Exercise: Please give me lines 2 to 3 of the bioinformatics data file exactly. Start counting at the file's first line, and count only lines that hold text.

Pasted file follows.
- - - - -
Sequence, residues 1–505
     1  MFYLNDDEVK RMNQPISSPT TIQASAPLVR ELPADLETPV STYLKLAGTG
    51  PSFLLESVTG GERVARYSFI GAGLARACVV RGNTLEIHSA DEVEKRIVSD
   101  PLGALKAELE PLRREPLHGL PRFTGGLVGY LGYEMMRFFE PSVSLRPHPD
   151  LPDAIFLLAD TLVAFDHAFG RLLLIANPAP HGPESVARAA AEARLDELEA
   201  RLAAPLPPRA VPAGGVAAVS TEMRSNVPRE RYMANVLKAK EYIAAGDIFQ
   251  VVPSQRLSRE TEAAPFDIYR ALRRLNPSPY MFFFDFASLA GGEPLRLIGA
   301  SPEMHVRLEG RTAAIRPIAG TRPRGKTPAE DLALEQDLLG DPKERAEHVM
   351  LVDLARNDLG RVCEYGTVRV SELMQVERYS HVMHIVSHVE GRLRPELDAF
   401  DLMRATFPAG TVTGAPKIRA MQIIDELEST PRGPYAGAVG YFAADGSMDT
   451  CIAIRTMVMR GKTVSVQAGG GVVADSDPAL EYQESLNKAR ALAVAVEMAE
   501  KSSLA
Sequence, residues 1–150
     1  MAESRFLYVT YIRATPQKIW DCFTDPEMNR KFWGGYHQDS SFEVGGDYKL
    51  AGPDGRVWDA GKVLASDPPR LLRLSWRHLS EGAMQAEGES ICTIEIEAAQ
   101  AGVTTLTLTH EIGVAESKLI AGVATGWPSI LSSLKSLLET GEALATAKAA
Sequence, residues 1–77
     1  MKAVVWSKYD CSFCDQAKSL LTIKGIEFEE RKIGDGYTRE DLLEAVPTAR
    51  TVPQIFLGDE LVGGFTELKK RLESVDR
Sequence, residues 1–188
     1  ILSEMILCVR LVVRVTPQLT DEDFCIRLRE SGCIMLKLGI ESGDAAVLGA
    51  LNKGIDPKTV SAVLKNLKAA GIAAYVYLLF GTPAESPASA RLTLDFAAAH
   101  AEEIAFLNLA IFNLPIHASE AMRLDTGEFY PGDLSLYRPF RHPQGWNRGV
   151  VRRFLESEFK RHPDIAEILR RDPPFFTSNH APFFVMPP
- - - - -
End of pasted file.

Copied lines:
     1  MFYLNDDEVK RMNQPISSPT TIQASAPLVR ELPADLETPV STYLKLAGTG
    51  PSFLLESVTG GERVARYSFI GAGLARACVV RGNTLEIHSA DEVEKRIVSD